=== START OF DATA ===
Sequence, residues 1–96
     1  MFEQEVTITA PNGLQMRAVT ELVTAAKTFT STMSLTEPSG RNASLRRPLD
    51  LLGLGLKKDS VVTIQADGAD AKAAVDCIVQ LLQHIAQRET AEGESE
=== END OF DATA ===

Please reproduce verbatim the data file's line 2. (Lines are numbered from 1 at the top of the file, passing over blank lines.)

     1  MFEQEVTITA PNGLQMRAVT ELVTAAKTFT STMSLTEPSG RNASLRRPLD